Editor’s note: The topics listed in this document is not exhaustive and is open to suggestion/contribution by any company. Please contact futurenetworks@gsma.com

Editor’s note: Section 2.9 (Security) and 2.11 (NetNeutrality/Regulatory Requirements) are for GSMA members only. For membership inquiries, please see the GSMA website.

Acknowledgements

Special thanks to the following GSMA Checklist for Non-Standalone 5G Deployment taskforce members for their contribution and review of this document:

  • AT&T Mobility
  • EE Limited
  • Ericsson
  • Huawei Technologies Co. Ltd.
  • Hutchison 3G UK Limited
  • KDDI
  • LG Electronics Inc.
  • MediaTek Inc.
  • Nokia
  • NTT DOCOMO
  • Softbank Corp.
  • Syniverse Technologies, Inc.
  • Telecom Italia SpA
  • Telefónica S.A.
  • Telia Finland Oyj
  • United States Cellular Corporation
  • Utimaco TS GmbH
  • Verizon Wireless
  • Vodafone Group
  • ZTE Corporation

 

1. Commercialisation of 5G

1.1 Fixed Wireless Access

FWA (Fixed wireless access) refers to a wireless link that provides connectivity to objects that are stationary or nomadic (i.e. almost no movement when connectivity is used). This concept has already been frequently used as a substitute to wireline connection in the last mile. Therefore, it is often compared with other last-mile connectivity solutions such as FTTx (Fibre-to-the-x) and xDSL (x Digital Subscriber Line). 5G, in all its deployment options, enables the FWA to be a competitive substitute to FTTx with its superior radio capabilities and therefore offers business opportunities for the mobile operators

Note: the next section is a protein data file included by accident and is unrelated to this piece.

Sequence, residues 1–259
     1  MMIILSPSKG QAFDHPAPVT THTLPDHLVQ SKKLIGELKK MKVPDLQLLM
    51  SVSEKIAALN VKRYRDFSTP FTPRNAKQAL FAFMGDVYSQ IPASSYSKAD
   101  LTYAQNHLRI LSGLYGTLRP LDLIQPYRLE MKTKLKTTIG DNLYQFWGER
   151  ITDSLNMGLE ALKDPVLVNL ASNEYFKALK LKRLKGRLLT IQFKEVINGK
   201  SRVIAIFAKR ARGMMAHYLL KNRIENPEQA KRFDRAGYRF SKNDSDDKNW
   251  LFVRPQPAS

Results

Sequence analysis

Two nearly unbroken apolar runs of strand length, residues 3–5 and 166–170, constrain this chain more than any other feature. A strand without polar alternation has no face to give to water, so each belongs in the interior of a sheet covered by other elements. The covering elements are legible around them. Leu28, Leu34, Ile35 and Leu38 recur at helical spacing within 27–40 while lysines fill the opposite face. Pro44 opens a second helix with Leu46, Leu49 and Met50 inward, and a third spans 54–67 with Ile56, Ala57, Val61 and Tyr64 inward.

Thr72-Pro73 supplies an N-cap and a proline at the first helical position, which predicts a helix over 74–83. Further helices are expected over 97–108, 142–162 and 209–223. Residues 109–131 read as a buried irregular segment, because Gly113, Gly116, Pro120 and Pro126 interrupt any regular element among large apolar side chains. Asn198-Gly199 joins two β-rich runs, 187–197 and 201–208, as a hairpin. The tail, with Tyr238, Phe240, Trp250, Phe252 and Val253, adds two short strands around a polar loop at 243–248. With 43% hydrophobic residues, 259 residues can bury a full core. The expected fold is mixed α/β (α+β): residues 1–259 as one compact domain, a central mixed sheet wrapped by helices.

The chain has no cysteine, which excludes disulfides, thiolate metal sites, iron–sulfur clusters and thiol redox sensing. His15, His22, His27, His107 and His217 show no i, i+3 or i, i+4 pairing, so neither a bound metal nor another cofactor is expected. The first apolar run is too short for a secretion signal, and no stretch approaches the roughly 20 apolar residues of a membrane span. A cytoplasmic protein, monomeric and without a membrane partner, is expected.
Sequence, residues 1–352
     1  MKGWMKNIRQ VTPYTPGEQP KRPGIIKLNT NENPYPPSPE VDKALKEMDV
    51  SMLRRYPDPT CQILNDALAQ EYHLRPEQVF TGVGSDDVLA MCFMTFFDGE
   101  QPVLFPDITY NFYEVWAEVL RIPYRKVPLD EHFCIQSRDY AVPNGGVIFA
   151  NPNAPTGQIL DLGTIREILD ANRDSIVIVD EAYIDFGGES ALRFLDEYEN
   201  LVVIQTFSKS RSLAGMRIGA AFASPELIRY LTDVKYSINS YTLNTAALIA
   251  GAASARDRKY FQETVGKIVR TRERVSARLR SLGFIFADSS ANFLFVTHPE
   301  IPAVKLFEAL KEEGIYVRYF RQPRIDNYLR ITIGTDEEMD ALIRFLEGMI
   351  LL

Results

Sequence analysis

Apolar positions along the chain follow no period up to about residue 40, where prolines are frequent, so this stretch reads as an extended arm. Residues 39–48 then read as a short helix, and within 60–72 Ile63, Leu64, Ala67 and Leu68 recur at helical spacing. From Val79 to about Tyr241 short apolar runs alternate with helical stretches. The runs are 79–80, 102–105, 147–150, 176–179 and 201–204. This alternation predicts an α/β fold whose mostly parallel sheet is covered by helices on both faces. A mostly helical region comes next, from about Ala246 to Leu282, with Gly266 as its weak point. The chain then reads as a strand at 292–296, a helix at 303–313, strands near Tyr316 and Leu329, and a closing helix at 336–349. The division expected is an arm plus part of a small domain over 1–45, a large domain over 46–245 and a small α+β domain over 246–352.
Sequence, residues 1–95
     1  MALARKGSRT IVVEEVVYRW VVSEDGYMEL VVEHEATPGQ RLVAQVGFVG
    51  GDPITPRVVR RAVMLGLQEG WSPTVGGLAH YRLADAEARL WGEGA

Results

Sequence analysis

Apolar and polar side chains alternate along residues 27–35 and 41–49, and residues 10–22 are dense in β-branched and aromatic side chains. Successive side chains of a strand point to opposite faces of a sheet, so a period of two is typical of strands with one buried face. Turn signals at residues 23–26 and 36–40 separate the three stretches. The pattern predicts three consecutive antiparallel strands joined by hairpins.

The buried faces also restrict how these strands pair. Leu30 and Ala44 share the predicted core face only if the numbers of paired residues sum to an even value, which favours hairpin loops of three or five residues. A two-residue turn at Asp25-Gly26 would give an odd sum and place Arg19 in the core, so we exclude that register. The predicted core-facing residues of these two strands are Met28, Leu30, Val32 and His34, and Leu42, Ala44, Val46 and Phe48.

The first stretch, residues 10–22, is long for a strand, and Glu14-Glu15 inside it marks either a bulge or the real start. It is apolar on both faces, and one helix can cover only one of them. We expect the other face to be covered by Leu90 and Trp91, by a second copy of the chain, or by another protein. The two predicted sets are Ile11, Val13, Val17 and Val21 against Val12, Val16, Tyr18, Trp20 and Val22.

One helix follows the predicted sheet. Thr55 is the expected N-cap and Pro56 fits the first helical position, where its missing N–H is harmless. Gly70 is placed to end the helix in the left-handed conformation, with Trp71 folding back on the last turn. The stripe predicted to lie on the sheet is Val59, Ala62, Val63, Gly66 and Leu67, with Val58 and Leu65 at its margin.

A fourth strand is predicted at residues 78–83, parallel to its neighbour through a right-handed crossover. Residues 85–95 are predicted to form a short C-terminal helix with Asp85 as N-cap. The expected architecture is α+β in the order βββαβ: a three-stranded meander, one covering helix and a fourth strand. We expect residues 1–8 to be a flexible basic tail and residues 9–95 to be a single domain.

For mobile operators, the FWA provides cost-effective network deployment solution. As the wireless links are cheaper to set up and operate, the network cost in the last mile will be significantly reduced with FWA compared to the case of FTTx. This means that the broadband connectivity will be economically feasible with FWA that would otherwise have been infeasible. With FWA, mobile operators can enjoy the following business opportunities.